Via Conrad Tribble on Twitter (who you should follow if you're interested in U.S.-Cuban relations), Roberta Jacobson (Asst Sec State for Western Hemisphere Affairs) wrote this letter to the Washington Post:
The old left vs. right framework is no longer an accurate or meaningful way to look at Latin America, and attempts to sort the region’s governments by that dated rubric lead one down a confused path to contorted conclusions.
There are indeed some lines of difference in the region with respect to open markets, global economic engagement and strengthening democratic institutions. I am confident that the positive returns for those choosing more open and globally engaged economies will create a self-reinforcing trend over time. But amid those differences is, perhaps as importantly, a consensus emerging across the political spectrum on the need for more inclusive, opportunity-oriented agendas.
This has become a central organizing principle for virtually all the governments in the region and mirrors a similar discussion that the United States is having among our own citizens on how best to spread the benefits of prosperity to all citizens and how to expand educational opportunity more wisely and ensure that our people have the right skills for the 21st-century workforce. The exact answers may vary, but we see this new consensus in Latin America not as cause for concern but rather as an opportunity to work together on shared challenges.How nice to hear that from a senior policy maker for Latin America. This had come up just today because of the media attention on El Salvador, where there is an obsession with labeling the candidates in narrow ideological terms.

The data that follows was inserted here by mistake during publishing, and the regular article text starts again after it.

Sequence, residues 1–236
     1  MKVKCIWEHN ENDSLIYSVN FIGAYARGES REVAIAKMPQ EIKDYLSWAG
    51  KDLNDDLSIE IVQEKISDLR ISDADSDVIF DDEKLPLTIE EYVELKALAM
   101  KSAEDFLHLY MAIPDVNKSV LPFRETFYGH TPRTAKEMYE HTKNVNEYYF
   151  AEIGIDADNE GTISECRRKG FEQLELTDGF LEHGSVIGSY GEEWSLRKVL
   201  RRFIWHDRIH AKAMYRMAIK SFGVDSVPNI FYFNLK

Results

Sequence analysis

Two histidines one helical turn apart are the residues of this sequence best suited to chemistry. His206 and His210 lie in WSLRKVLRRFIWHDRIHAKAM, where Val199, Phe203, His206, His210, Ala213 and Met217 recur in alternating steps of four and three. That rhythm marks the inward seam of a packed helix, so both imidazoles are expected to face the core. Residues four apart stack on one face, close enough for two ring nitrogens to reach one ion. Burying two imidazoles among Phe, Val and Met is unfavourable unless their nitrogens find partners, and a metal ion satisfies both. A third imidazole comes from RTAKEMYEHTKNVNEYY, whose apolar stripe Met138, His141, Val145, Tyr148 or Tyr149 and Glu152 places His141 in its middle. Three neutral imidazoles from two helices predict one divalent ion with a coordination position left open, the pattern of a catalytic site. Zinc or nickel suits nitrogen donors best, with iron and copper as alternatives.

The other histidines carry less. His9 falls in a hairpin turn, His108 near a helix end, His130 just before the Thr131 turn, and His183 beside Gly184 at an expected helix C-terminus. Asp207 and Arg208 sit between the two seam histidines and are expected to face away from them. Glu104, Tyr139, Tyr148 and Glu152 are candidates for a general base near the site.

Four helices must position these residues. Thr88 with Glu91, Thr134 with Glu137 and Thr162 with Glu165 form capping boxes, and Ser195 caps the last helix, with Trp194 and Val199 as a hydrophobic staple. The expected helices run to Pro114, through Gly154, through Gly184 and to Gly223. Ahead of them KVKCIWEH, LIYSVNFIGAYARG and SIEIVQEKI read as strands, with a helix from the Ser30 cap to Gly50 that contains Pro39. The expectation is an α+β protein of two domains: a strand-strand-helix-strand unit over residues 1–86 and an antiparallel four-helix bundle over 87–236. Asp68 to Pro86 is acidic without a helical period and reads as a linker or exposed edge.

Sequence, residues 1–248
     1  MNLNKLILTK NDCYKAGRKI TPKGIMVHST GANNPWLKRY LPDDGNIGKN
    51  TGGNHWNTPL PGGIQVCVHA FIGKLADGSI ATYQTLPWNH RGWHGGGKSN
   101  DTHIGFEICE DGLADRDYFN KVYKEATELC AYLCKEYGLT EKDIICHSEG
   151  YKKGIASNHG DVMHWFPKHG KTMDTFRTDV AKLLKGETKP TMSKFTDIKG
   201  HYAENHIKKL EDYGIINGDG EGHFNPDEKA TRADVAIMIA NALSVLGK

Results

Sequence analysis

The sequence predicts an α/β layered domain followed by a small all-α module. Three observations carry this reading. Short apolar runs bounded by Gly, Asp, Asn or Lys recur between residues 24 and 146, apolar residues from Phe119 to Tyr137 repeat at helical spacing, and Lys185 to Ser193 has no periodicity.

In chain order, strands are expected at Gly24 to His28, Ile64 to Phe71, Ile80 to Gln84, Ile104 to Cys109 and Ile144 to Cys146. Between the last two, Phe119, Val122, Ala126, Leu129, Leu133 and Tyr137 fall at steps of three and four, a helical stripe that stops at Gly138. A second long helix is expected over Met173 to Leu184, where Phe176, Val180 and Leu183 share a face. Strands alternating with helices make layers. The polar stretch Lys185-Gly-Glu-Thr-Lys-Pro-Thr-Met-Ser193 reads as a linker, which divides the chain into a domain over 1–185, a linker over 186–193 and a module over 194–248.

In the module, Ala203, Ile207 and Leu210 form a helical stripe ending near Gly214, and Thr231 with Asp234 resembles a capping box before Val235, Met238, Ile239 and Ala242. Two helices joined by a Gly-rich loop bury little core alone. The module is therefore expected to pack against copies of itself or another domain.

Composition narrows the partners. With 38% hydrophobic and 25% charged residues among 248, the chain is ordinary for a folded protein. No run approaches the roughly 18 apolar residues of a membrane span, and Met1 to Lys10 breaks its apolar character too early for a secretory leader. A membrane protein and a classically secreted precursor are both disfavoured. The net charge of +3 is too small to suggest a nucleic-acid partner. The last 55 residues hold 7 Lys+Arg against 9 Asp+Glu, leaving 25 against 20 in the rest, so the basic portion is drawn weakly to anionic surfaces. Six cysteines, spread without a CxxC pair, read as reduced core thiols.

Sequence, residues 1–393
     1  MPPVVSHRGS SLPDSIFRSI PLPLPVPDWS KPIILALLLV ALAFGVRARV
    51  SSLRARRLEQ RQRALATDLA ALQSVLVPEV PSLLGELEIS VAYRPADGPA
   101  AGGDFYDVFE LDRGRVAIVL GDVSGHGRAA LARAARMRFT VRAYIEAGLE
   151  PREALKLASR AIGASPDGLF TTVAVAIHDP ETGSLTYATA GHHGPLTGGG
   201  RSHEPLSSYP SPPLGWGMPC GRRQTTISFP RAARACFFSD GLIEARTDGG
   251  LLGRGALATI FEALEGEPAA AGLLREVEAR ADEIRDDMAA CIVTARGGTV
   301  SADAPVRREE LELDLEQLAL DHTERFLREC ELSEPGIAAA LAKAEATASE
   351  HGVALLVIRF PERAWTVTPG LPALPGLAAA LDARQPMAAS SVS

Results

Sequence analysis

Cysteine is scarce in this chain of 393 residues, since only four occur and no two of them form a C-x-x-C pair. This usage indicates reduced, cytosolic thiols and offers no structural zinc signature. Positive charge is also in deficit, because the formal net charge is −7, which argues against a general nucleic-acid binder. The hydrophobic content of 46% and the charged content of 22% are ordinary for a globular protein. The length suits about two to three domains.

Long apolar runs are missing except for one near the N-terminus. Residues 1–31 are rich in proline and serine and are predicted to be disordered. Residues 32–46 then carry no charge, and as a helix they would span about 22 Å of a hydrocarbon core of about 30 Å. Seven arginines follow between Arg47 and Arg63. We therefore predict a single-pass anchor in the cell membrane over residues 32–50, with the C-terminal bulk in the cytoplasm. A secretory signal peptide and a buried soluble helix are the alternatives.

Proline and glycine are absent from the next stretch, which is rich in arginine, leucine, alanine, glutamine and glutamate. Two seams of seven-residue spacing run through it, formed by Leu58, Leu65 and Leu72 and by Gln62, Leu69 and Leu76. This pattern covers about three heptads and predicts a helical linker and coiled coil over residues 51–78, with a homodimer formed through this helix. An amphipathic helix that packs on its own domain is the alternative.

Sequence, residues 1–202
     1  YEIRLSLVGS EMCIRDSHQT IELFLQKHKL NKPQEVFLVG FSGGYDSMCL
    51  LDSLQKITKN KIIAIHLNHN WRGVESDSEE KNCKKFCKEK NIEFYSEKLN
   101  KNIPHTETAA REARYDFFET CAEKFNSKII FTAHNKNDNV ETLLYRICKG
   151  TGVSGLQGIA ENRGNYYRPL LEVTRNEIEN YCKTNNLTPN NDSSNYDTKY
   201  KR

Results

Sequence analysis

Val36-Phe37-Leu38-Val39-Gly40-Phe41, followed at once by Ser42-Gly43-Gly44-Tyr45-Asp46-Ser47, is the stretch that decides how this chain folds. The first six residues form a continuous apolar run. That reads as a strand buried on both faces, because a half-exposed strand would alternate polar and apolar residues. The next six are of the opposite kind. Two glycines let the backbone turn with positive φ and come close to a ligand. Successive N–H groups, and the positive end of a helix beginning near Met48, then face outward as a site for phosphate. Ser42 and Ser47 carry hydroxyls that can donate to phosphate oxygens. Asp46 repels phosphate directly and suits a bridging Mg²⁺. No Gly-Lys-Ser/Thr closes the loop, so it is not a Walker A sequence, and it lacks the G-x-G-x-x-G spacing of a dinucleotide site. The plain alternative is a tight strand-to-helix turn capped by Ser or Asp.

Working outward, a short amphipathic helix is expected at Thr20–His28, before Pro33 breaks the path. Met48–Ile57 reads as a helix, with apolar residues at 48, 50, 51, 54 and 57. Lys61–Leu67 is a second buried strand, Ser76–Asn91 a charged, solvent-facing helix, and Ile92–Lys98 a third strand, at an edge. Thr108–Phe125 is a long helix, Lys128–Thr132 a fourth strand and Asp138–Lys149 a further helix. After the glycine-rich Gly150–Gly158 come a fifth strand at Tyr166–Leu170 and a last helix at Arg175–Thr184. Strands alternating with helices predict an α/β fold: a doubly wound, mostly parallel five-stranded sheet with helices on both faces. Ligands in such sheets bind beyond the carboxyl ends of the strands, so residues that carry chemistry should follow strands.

The left-right labeling puts leaders and even entire countries in boxes that just don't reflect reality. This blog is now 8 years old, and not long after starting I had already complained about the rigid "good" and "bad" lefts, among other silly labels.
I know they will persist because they offer very easy ways to show whether you approve or not of a given person/country and/or want to project a certain image of them. "Contorted conclusions" is a nice way of putting it. We should have more concerted effort to avoid the simple labels.